About five years ago I started experiencing severe pain in both of my heels. Being what I thought was a still spry new dad, not far off the tails of a pre-parenthood Triathlon, I didn't deal with it as quickly as maybe I should have. It got to the point where I could hardly finish a day of work. Eventually I saw a Podiatrist who diagnosed heel spurs. After some wraps, injections, and pricey custom orthotics I've been able to work since without pain. But the entire life I built being the 'sure I can play that' guy had to be entirely reconsidered. Running and jumping were no longer an option. Triathlons were out, and Duathlons that subtract the running instead of swimming don't exist as far as I know. I don't do anything that could awaken the pain I felt in that year where I was naively convinced I just needed a new pair of shoes. I fear that pain. That pain made me feel incapable. That pain makes me want to disown the physical confidences I used to have. That pain has forced me to reconsider what my future looks like. And yet I know I could be doing more. My friend informed me of an old adage that says 'an ounce of prevention is worth a pound of cure.' Why are we so comfortable being comfortable? Knowing the specter of what could come I should be perpetually fighting off the impending pain, but I don't. I deal with it as it comes.
The first words I uttered when we started our set on day three came shrieking and cackling out of my throat in the worst possible way. By the second song things were settling in, I realized I sounded like myself, a weaker version, but myself none the less. After the set Greg gave me a hug and showed me a picture he took and said: "this is a man with a voice." He could tell those opening moments sent doubtful shudders through me, but watched as I found my footing and a bit more comfort as the songs went on. The fourth night really solidified that the methods employed were paying off. Though I could hardly muster enough voice to greet our hosts, my set felt strong. I wasn't only a man with a voice, but felt like a man with voice and purpose.
It's nearly impossible not to gauge our own success or failure by the success or failure of others. Especially when so much of our culture teaches us that competition is healthy and natural; teaches us our value comes in how we can be better than those around us. At the same time the notion that each of us is completely unique in all the world is true, but never feels good enough. My identity does not lie in what I can do, I know this, but watching those around me do things I wish I could do slings me back into some primordial competitive brain function that defies logic and maturity. My identity does not lie in being able to yell nights on end and still have a functioning voice, some people can do that and I cannot.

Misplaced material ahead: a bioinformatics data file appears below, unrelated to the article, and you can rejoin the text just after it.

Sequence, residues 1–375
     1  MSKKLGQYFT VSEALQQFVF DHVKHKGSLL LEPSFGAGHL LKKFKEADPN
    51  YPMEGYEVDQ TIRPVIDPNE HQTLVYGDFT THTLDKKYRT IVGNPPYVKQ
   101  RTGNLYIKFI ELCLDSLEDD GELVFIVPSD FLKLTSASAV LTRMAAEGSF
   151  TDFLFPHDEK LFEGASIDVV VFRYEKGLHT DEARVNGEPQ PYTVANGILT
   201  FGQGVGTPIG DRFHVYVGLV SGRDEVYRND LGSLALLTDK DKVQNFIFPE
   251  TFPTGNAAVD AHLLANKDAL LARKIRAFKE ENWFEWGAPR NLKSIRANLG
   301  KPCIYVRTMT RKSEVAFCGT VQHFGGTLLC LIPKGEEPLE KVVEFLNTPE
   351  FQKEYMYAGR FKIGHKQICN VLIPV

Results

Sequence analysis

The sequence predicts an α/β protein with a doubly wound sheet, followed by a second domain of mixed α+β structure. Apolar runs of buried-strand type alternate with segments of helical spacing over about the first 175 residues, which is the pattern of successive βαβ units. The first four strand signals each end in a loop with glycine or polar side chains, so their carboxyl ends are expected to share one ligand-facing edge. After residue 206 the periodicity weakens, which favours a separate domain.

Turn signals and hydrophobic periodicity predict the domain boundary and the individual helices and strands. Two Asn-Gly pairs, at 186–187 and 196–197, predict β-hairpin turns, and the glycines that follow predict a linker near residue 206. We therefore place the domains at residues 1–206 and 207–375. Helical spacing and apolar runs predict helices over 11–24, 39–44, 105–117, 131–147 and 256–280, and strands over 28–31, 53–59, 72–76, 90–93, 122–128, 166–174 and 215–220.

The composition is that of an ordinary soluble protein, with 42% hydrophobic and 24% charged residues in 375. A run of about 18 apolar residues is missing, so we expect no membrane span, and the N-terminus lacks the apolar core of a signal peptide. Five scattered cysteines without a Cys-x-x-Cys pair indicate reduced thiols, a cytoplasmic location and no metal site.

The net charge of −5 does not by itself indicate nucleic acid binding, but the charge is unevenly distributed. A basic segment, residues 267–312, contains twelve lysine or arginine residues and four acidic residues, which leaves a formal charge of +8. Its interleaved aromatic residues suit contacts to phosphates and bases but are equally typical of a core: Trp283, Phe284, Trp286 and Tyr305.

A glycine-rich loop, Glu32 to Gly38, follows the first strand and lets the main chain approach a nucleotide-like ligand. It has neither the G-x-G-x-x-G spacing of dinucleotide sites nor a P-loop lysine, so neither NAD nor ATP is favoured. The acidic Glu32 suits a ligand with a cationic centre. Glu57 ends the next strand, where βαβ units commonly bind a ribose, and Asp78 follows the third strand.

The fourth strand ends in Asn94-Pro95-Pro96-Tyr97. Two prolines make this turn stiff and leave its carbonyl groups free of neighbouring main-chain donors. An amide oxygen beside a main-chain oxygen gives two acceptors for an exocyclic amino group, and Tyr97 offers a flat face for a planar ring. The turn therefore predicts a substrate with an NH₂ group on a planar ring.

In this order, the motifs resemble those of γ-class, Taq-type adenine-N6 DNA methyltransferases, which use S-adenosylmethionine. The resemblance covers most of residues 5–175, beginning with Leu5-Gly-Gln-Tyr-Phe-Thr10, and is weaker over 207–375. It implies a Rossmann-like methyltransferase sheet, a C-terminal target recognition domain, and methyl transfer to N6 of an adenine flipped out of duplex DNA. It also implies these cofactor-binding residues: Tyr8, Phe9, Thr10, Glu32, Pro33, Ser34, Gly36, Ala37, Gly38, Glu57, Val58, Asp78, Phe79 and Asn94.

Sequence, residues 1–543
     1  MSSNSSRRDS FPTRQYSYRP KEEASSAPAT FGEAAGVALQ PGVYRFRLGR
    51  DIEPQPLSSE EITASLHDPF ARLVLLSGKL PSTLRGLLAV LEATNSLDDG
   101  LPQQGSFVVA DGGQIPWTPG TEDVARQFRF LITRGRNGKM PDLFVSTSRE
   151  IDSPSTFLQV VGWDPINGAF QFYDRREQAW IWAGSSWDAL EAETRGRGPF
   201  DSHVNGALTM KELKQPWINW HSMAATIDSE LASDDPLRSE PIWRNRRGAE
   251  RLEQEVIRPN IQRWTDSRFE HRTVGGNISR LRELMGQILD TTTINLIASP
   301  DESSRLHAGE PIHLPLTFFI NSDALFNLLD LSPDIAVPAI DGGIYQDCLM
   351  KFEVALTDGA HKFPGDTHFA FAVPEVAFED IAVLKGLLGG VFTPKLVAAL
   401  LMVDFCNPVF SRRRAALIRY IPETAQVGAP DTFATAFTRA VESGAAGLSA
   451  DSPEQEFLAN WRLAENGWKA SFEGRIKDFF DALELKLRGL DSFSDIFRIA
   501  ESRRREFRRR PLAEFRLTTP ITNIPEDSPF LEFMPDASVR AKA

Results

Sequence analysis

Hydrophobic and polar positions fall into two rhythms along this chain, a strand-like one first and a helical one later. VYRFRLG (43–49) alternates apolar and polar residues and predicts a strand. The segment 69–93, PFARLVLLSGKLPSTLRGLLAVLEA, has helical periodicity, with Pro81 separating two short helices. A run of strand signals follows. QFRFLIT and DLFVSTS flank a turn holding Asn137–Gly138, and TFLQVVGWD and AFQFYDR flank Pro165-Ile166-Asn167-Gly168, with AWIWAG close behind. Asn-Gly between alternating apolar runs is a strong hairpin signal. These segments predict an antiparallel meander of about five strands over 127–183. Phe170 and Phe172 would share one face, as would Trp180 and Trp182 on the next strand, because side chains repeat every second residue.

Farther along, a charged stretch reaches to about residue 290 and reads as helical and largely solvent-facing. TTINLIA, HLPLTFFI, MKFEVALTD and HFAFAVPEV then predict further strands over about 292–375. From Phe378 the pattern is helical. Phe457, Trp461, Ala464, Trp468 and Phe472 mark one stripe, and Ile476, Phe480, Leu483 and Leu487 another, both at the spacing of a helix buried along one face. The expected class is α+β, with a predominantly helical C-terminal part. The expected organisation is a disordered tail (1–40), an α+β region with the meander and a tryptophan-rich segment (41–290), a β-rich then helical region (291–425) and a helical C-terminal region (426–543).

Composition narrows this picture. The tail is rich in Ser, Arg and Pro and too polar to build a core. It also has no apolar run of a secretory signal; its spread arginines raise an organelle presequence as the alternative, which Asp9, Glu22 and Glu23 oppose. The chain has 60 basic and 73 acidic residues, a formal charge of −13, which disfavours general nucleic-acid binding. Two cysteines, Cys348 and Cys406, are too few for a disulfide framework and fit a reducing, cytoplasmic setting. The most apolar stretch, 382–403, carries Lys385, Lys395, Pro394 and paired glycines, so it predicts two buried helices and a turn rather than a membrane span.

How can I let go of that cannot? How can I help myself see the bigger picture when pain or inability wants to narrow my scope? How can I turn this desirous magnifying glass around and see more of who I am and champion that?
I implied in my last post that feelings are what inspire change. Is there a more motivating feeling than pain? Does anything inspire us to gain more than loss? By this logic I should be in training, training my voice, training my body in what it can do, actively healing my heels, but for whatever reason I seem to have a short memory once pain is removed. Tomorrow or the next day when my voice is full, the strain of today will try to be forgotten; and it won't be until I accidentally step on an acorn barefoot in the backyard for the meager comfort I've attained to come howling out of me.
("natural steam" image stolen from here.)